Elasticity of demand refers to how sensitive the quantity of demand for a particular product or service is to price changes. Elasticity calculations don't measure demand (which is the underlying, fundamental desire that consumers have for a product) but rather quantity demanded: how many units consumers are prepared to buy at a particular price. Having an idea of the elasticity of demand for a good can help inform pricing and planning decisions and planning.
Elasticity of demand is a mathematical relationship. It measure the relationship between a proportional change in price and a proportional change in how much of the product consumers as a whole are willing to pay at that price. The more the price affects the quantity demanded, the more elastic the good is considered to be. Goods where prices have little or no effect on quantity demand are considered as inelastic.
Several factors affect elasticity of demand. A key one is whether consumers see the good as a necessity or luxury: elasticity is lower with necessity goods such as basic foodstuffs because customers feel the need to buy them even if the price rises, but likely won't start buying more of them just because they become cheaper. Demand is more elastic if there are many close substitutes for the good, or if it is particularly cheap and easy to switch to alternatives. Some goods can have differing levels of elasticity when you break them down into more specific groups: for example, train tickets at peak commuter times tend to have less elastic demand than those at times preferred by leisure travellers.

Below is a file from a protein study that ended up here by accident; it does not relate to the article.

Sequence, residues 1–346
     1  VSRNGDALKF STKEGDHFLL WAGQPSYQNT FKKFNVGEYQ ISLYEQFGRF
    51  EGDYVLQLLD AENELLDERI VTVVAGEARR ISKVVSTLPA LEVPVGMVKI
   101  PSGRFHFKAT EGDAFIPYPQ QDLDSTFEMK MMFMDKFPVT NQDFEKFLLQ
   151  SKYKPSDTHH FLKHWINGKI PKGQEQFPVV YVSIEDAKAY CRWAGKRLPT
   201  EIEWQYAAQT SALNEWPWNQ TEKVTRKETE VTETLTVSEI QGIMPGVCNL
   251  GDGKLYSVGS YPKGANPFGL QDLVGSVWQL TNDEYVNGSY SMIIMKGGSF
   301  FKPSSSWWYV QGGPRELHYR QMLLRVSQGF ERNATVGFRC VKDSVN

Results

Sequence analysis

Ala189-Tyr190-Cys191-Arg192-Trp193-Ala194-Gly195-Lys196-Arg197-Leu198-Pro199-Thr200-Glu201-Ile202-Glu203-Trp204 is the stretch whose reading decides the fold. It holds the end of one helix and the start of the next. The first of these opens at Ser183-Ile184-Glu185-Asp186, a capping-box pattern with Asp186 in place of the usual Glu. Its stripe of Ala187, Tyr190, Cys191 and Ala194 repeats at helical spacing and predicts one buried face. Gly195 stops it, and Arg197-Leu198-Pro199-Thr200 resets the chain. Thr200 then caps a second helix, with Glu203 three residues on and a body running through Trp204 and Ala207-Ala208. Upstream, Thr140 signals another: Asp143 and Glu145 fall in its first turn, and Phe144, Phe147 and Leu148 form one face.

Advantages for consumers
Good with particularly elastic demand can be better for consumers because they create an incentive for sellers to keep prices low. The more elastic the demand, the more likely it is that the fall in revenue per unit will be outweighed by the rise in quantity sold. This can be limited by the make-up of the manufacturer's costs however: manufacturers are aiming to maximise profit, not revenue.
Advantages for manufacturers
Some manufacturers can benefit from goods having more elastic demand. With these goods, customers are more likely to change brands or products based on price. This makes such products particularly attractive to manufacturers that are able to cut production costs and thus afford price cuts. This could also benefit companies that are able to quickly enter new markets when they spot an opportunity to undercut existing producers.
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